Keeping the Faith
BREATHING NEW LIFE
While business and editorial challenges present issues for religious publishers to contemplate, some trends bring new hope. For instance, Matlins believes one of the more significant changes occurring in religious publishing today is an increased interest in the subject matter.
“I think this is due in part to the maturing of the baby boomer generation. People are looking for books that relate the teachings of different religious traditions directly to their lives,” he says. “There is a practical aspect to their interest, not just a theological one.”
Matlins says people are interested in using the practices of religion and are not just looking for an intellectual exercise. “Baby boomers are coming to a point in their lives when they reflect on such things, and have the time and resources to do so,” he says.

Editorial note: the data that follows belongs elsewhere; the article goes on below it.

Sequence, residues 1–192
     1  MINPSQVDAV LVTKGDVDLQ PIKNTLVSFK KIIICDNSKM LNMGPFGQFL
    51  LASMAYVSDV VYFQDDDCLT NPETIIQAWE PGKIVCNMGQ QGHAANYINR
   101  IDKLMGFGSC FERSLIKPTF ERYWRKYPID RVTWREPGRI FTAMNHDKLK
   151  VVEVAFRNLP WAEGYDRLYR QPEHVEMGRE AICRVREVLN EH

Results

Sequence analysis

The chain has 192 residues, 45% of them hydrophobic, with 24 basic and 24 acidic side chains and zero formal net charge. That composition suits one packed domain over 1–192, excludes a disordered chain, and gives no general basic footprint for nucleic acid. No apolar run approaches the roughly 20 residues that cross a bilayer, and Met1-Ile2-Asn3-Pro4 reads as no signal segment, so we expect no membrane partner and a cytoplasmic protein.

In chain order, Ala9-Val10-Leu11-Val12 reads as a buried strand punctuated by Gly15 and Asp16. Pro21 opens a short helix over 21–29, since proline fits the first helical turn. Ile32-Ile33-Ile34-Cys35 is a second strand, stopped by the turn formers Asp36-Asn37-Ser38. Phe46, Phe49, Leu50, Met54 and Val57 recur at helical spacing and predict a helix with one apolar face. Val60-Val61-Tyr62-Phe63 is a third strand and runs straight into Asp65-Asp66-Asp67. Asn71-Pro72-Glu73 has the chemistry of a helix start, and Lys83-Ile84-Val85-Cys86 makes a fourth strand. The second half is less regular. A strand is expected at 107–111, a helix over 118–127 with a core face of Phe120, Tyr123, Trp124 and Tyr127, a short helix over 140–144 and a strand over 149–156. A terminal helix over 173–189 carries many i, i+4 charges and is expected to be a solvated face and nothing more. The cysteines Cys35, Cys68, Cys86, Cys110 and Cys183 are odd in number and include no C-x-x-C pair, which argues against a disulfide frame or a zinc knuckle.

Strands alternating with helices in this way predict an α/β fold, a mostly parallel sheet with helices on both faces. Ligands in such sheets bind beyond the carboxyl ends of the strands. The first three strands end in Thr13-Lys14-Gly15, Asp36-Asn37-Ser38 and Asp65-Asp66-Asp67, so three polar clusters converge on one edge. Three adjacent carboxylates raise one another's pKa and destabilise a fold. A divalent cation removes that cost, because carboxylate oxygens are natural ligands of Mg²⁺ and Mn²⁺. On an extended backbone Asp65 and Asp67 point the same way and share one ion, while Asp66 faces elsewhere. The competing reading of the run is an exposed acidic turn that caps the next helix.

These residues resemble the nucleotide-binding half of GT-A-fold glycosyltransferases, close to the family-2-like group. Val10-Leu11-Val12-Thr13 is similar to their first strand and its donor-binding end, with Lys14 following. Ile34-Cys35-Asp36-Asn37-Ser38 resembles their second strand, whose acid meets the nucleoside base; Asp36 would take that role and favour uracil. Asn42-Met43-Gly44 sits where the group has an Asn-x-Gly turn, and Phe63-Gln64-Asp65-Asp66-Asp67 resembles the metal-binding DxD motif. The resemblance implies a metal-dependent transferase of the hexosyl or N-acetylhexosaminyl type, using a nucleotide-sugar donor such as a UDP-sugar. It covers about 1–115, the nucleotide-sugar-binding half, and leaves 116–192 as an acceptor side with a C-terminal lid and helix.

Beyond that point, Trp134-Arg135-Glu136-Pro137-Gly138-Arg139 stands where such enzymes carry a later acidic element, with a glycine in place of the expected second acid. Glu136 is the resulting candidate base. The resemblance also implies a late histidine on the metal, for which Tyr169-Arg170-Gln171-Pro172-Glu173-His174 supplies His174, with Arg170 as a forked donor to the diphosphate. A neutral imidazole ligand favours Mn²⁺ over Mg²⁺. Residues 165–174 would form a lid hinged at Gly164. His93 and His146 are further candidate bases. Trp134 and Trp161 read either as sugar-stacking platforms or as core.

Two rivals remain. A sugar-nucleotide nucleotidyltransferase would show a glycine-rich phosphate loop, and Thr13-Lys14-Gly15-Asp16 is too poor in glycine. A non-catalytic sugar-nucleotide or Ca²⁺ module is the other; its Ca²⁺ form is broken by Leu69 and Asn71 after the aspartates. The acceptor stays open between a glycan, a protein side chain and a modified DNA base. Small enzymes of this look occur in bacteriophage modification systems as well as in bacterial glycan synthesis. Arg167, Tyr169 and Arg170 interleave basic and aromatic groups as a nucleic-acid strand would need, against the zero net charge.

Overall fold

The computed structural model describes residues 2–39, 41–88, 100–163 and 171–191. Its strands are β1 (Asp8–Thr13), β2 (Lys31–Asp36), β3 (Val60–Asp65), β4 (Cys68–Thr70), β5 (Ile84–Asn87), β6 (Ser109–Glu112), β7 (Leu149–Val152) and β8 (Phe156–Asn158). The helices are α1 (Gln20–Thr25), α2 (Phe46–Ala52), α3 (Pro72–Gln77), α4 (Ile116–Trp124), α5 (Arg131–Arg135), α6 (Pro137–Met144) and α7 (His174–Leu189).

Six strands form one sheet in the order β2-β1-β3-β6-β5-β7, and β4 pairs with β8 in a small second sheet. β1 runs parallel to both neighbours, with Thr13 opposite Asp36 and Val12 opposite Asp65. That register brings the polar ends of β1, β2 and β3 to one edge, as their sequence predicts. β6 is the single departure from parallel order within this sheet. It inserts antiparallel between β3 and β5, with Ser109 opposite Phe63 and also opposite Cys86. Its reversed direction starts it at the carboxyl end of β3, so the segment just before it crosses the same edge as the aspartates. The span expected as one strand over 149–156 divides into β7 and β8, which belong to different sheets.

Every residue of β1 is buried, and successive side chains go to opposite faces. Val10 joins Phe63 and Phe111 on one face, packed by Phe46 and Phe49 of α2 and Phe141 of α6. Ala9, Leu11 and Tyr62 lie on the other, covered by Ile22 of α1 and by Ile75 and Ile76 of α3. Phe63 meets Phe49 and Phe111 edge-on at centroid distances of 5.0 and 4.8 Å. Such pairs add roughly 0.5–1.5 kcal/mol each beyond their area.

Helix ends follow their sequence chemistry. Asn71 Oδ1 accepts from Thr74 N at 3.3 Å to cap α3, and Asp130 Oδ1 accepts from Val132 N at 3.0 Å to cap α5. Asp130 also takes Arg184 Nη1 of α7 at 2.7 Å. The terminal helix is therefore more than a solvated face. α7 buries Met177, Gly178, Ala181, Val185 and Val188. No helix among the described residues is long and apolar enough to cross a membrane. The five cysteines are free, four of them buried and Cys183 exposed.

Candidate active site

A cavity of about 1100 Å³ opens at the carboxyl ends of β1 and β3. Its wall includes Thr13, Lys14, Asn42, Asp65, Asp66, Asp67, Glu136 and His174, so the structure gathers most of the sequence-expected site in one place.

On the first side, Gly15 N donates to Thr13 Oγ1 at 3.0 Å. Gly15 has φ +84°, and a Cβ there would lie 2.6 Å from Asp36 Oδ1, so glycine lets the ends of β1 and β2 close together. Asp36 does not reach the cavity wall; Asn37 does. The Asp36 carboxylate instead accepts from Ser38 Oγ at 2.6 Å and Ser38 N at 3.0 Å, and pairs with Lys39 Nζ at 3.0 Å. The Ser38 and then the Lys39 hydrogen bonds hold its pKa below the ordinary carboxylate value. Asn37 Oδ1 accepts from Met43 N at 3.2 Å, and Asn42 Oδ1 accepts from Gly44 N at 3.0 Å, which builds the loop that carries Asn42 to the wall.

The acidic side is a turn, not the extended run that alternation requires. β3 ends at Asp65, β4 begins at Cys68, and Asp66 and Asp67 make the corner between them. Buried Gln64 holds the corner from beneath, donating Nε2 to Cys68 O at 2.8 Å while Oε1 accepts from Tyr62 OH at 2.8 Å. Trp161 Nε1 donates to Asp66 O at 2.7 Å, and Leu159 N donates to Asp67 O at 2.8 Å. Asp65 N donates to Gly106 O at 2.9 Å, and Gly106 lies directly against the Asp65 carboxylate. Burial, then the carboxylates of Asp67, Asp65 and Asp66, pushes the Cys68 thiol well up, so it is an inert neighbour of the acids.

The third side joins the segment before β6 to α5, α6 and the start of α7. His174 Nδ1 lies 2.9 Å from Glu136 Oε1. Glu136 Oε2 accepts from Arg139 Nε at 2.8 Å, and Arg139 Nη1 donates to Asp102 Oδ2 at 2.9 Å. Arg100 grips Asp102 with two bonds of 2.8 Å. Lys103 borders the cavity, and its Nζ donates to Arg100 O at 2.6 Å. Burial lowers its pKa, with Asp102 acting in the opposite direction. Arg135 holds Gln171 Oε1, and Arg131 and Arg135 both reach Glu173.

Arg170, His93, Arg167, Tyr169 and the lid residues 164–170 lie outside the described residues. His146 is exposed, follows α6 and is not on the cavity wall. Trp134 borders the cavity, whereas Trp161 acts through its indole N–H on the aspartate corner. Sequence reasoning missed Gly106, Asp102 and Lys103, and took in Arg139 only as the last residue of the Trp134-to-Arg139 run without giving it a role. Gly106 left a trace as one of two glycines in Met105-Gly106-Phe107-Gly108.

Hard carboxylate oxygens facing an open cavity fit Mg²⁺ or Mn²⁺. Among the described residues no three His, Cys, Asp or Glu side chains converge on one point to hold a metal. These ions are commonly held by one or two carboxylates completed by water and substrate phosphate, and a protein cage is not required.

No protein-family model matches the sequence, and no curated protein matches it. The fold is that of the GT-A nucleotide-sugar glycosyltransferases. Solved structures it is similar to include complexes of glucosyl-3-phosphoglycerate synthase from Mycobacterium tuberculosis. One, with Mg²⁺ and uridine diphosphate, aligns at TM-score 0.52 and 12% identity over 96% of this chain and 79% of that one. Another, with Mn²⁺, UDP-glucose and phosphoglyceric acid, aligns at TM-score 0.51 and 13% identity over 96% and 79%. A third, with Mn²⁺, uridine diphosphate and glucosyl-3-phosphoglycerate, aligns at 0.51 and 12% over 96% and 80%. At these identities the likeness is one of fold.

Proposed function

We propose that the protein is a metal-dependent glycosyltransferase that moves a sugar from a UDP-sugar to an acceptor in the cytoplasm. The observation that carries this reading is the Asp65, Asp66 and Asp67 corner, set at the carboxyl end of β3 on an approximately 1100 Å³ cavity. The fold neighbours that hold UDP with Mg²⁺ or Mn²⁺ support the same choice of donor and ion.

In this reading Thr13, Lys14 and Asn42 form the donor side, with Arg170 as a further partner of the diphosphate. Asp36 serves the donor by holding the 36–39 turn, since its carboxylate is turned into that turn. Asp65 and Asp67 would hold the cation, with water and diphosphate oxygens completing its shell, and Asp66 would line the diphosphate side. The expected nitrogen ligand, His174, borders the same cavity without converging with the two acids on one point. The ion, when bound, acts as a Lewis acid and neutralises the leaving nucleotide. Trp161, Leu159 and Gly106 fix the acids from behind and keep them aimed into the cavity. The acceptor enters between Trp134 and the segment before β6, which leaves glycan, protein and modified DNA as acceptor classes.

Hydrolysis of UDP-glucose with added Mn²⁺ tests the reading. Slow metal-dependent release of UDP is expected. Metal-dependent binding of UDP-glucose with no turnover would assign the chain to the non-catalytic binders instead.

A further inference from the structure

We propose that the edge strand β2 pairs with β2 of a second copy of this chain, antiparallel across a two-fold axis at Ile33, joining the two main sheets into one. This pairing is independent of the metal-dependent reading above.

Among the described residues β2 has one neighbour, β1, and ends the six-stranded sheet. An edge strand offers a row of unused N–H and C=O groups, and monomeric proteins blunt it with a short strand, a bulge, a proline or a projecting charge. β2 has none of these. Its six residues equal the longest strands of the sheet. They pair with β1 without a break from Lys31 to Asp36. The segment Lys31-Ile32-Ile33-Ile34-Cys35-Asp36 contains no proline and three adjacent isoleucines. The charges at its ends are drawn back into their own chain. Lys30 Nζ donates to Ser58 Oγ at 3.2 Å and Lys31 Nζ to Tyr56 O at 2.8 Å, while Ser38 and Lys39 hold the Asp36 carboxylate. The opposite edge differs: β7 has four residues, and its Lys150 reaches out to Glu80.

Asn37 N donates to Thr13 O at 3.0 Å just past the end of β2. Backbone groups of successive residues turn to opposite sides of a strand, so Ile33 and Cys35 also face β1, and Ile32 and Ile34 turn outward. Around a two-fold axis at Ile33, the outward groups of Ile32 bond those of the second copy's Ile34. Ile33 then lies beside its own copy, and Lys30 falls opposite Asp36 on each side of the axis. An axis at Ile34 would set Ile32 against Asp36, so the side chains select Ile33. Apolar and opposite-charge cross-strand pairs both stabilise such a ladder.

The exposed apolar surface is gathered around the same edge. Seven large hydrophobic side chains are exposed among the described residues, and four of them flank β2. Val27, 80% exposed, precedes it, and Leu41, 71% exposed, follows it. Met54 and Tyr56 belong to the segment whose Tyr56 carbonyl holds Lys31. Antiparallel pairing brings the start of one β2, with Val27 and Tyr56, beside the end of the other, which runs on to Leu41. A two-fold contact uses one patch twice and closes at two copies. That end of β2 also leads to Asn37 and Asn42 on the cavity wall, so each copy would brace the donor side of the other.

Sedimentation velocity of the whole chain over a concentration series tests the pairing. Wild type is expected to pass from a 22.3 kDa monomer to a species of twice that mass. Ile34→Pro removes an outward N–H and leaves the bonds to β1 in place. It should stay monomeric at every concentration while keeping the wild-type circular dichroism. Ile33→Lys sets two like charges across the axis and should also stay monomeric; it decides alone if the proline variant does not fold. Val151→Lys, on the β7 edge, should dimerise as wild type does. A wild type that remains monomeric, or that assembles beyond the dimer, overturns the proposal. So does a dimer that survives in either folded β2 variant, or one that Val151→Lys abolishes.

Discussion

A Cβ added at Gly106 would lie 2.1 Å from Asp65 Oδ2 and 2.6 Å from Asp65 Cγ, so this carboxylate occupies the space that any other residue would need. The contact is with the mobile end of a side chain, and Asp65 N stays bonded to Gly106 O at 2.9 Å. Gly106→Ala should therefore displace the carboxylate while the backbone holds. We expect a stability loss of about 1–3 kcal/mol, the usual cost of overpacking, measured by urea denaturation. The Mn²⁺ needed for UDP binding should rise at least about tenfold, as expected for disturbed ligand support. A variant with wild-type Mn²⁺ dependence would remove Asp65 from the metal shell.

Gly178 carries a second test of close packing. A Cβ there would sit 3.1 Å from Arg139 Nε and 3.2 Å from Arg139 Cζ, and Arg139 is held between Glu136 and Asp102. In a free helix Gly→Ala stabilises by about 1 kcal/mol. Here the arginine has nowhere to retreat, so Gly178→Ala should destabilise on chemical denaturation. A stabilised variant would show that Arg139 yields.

Whereas the baby boomer generation has time to seek deeper spirituality, a different trend is occurring with the younger generation. According to Behrman, children’s time is at a premium.
“There is greater pressure on schools to do more with fewer class hours,” he says. “In terms of pedagogy, we also see an increasing reliance on electronic tools, such as Web sites, interactive CDs and electronic games for drill and review in language acquisition. This is something education publishers must catch up to.”
Save for a few exceptions, those in religious book publishing face the same ups and downs as all publishers. All publishers want better pricing, better shelf space, more readers and high-quality content. Religious publishing is a business, after all.
But Behrman reminds us that at least in the educational market there is one final challenge that religious publishers always work to uphold, and that is an adherence to higher standards. “The most important difference between religious educational publishing and secular educational publishing is that religious schools, and therefore religious educational publishers, are in the business of teaching ethics, values and morals in a way that secular schools are not.”